Should we Stop Eating Almonds?

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The water crisis in India raises concerns of global climate change endangering not only the availability of water for consumption, but also for agricultural and infrastructure use. Prevalent coal power plants in India rely on water to generate steam for electricity, water needed for concrete for infrastructure, and reservoirs are running dry. Things have gotten so bad that farmers have attempted to steal water to survive and with a growing population, India’s water needs are only going to be harder to address in the future. Growing up in places like the Pacific Northwest where water has always been plentiful and best of all clean, water is too often taken for granted. So what is to say that this cannot happen here in the U.S.?

Mark Bittman’s Op-Ed Fear of Almonds answers this question, not as a matter of if it will happen, but when. He uses California as an example where water is becoming dangerously scarce not necessarily because of environmental reasons, but because of irresponsible and inefficient agricultural practices. Bittman argues that food commodities such as almonds contribute to the water issue since they require a lot of water to grow and that about one eight of the irrigated land in California is planted with almonds since they are profitable. He attempts to bring the reader into the reality of how political ecology is affecting all of us by raising awareness that water is plentiful, but not infinite. Rising food prices, in particular meat, are indicative of water becoming scarcer. Bittman presents a solution to improve agricultural efficiency by “planting crops that can thrive with less water means that production of food that needs lots will shift to places with a more bountiful supply” (Bittman, 3). However change is difficult and he does not see expect that change to be immediate.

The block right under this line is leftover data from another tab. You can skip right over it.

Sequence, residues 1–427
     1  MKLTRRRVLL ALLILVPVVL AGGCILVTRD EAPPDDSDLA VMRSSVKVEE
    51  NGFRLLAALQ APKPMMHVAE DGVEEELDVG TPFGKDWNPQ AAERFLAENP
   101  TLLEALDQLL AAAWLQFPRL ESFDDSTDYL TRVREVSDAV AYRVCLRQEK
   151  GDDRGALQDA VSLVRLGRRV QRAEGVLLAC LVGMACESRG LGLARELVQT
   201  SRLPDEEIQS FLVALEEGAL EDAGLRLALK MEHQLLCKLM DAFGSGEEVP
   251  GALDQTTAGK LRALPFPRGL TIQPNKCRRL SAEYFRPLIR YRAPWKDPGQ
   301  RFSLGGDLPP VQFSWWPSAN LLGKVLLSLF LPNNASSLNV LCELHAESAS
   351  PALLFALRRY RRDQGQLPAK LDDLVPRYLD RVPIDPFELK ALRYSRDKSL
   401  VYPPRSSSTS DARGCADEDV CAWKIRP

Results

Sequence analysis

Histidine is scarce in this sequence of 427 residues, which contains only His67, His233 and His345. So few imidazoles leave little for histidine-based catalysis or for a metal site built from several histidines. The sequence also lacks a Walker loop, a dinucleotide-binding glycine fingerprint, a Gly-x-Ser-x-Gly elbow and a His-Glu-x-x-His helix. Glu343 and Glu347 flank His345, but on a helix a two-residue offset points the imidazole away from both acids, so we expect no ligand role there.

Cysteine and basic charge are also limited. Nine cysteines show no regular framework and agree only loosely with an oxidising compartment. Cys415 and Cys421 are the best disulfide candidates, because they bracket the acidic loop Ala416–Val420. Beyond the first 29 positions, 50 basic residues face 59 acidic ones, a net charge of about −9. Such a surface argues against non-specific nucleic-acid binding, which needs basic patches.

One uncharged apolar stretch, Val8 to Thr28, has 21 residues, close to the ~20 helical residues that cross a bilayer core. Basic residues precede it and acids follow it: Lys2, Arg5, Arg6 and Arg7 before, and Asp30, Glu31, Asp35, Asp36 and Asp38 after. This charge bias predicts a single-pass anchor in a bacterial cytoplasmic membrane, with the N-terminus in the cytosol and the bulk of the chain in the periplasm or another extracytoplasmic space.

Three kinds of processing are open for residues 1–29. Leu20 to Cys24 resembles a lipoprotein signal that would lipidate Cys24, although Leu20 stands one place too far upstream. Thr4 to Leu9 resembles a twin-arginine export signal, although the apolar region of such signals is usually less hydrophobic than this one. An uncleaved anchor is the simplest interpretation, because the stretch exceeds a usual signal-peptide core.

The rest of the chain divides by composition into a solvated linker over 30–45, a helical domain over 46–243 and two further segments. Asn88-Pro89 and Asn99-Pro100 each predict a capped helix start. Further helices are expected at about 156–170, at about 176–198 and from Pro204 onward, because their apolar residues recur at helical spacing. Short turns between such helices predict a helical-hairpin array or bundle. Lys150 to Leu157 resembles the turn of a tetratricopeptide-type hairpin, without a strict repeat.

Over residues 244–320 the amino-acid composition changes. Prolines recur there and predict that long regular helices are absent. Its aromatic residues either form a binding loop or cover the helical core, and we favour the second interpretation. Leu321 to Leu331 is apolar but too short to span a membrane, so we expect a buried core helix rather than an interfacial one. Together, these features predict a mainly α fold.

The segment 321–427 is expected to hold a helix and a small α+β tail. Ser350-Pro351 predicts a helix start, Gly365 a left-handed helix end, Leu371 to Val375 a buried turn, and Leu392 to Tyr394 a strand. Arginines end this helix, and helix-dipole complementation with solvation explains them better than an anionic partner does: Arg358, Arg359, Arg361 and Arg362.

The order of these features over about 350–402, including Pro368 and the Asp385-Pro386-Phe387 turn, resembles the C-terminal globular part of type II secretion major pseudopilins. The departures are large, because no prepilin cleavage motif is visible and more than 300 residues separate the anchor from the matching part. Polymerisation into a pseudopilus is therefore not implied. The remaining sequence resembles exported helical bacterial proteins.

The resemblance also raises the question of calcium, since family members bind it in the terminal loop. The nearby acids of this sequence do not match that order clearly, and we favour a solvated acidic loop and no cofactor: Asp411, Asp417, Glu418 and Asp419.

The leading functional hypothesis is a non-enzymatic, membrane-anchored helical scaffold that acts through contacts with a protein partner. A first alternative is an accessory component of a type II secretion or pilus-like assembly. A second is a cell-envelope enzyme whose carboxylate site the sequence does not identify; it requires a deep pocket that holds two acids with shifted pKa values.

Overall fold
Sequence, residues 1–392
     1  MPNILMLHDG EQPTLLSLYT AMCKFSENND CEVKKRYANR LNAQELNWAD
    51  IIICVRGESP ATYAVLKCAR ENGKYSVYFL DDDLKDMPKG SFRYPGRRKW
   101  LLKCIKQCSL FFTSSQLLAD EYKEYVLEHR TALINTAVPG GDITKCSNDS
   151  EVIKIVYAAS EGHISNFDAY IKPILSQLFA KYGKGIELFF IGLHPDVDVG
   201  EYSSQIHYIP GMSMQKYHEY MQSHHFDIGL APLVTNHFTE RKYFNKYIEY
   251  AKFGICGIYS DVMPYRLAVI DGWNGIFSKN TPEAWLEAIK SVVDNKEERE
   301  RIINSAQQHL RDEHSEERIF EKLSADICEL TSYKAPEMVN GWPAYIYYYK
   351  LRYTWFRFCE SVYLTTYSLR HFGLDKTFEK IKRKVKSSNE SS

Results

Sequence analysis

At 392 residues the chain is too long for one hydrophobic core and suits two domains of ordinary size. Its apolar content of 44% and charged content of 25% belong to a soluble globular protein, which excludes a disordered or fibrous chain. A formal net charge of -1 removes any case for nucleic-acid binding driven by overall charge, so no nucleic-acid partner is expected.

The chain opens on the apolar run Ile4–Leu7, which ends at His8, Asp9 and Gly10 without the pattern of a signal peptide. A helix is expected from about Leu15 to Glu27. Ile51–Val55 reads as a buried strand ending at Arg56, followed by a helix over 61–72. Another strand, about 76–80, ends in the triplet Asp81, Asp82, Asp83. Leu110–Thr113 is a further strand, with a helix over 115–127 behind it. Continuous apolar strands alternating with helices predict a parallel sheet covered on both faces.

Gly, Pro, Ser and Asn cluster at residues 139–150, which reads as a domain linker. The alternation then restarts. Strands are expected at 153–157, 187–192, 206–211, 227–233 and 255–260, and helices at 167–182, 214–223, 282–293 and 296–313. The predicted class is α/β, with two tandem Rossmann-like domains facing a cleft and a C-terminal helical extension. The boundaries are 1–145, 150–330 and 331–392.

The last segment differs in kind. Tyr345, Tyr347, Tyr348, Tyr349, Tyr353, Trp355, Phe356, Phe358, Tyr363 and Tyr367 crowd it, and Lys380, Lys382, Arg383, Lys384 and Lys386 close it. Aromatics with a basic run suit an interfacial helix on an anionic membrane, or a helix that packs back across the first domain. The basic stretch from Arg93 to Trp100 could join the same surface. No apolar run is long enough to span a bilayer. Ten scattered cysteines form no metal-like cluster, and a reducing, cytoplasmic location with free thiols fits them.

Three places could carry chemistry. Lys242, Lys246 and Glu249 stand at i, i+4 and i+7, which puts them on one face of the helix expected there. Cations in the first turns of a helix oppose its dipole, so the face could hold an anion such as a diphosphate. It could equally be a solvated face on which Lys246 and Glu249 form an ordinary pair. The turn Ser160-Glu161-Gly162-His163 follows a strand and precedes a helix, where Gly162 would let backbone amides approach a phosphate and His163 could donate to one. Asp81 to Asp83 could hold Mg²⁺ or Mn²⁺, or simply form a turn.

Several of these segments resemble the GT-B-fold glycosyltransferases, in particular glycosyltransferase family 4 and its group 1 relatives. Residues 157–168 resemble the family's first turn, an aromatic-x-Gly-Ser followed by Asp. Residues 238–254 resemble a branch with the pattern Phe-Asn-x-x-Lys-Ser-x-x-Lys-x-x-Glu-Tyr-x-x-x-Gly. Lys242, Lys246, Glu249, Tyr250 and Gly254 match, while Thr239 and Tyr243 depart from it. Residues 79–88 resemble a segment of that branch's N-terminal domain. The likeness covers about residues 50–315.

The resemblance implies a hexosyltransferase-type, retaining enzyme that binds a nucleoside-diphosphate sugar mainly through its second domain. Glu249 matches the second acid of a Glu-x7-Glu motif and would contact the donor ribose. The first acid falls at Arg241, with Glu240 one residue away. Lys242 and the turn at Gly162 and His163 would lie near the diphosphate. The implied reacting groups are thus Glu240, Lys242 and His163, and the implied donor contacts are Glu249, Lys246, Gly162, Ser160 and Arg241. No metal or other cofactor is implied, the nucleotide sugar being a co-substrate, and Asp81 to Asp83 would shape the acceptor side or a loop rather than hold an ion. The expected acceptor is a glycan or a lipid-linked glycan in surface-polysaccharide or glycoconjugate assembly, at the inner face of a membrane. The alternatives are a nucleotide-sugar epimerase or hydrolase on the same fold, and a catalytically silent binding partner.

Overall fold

The point Bittman makes is that we are a part of the system of food, culture, and politics where the focus on profit causes shortsightedness in the understanding of the relationship between sustainability, hidden water, and food. Inefficient usage of water on crops such as almonds, may produce large profits for the growers and export traders, however it fails to benefit the general population in the long run since food prices will skyrocket as water prices rise. His hope is for people to understand the dire need to relieve pressure on water consumption and to take into account the environmental costs by finding solutions that do not rid of opportunities for economic success, but simply to redesign, reorganize, and think in longer term.

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